Parker - Hulme Murder Case

Source: "Solved: Hulme's greatest secret" The Press, Saturday, August 6, 1994. Page 4 (Weekend)

Solved: Hulme's greatest mystery.

Teenagers Pauline Parker and Juliet Hulme spent five years in jail for the 1954 murder of Parker's mother at Victoria Park in Christchurch. After their release, both girls slipped from view and until a week ago both remained that way. Last week, 40 years after the killing, an Auckland newspaper revealed Hulme now lives in Scotland where, under a new name, she achieved success as an author of best selling murder mysteries. These reports, "Press" writers, background Hulme's writing career and the murder that made her a household name.

In the fantasy world of Juliet Marion Hulme, there could be but one place to go, the publishing capital of New York. The teenage Hulme and her companion Pauline Yvonne Parker had been writing feverishly and were in no doubt their work would be in great demand. As the pair increasingly delved into a fantasy world that led them on a path to murder they set their sights across the Pacific and even began saving for the journey. Their plan was to find a New York firm to publish their books before going on to Hollywood to choose their actors and supervise the filming of their novels. Later, they decided to forward their photographs to Hollywood where they expected they would eventually be hailed as actresses.

Dr Reginald Medlicott who gave evidence of insanity in both girls' defence during their trial later wrote of their New York plot ''Ambitious plans are not unusual in adolescents but there was more than usual neglect of reality here.'' "Parker and Hulme," he said. ''had not the slightest doubt that they were outstanding geniuses so far removed from the common people as to need no-one's approval but their own". Ultimately Juliet Hulme and Pauline Parker did leap to international attention - but only for plotting and carrying out the murder of Pauline's mother, Honora, in Christchurch in 1954.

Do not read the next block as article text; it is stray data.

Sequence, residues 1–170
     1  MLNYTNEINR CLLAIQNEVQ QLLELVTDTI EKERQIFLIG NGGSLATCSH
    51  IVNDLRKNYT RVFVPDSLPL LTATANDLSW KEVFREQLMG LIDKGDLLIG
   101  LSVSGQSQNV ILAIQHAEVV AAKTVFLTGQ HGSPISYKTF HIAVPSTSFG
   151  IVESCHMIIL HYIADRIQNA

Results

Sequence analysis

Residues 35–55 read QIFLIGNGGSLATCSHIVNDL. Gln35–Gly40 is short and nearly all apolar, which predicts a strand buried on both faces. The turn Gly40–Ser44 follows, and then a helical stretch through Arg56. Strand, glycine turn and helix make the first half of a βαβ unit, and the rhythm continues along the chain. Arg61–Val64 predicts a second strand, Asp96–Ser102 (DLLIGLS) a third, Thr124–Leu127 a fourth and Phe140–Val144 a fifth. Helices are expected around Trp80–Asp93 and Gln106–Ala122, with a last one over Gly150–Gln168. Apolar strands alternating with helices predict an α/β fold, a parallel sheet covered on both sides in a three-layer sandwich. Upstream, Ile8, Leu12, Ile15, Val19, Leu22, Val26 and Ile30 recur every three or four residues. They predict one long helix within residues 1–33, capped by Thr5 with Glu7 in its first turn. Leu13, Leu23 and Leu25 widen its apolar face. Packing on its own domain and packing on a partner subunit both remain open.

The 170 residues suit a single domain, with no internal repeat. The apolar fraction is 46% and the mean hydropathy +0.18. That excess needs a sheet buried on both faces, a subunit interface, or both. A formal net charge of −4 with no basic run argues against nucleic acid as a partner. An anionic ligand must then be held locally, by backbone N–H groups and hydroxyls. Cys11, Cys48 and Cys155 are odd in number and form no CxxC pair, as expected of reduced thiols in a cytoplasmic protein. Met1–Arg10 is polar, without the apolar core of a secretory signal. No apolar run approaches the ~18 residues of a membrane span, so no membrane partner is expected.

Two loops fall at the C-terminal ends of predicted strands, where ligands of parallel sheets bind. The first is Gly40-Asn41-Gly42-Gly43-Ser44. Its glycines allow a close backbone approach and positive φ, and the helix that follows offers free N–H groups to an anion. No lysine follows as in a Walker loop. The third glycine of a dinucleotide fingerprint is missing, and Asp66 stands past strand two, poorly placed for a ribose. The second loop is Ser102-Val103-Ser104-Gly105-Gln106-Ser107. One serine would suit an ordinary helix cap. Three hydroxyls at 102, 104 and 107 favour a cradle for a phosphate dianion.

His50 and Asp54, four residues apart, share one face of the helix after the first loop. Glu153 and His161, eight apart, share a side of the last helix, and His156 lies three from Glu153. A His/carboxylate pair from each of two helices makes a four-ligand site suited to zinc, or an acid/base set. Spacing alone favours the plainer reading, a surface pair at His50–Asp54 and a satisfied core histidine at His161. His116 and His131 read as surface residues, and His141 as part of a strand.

Yet in a bizarre twist it now appears Hulme's teenage fantasy finally became reality: writing under the name of Anne Perry, she has become the author of best selling crime novels. The novels, set in Victorian London, have been published in New York and are also gaining in reputation in the United Kingdom. There is talk of a film and television serialisation.

The evidence that Anne Perry and Juliet Hulme are the same person is overwhelming. Ms Perry's entry in the reference book "Contemporary Authors" lists her birthdate as October 28 1938. This would make her approaching 16 at the time of the murder. It gives her mother's name as H. Marion Perry (nee Reavley), and her father's as Walter Perry. These details are identical to Juliet Hulme's. (Walter Perry was Hilda's Hulme's lover at the time and they later married). Photographs of Juliet Hulme and Anne Perry, though separated in time by many years, are remarkably close in appearance. The "Sunday News" which broke the story last weekend, says that it has subsequently been confirmed.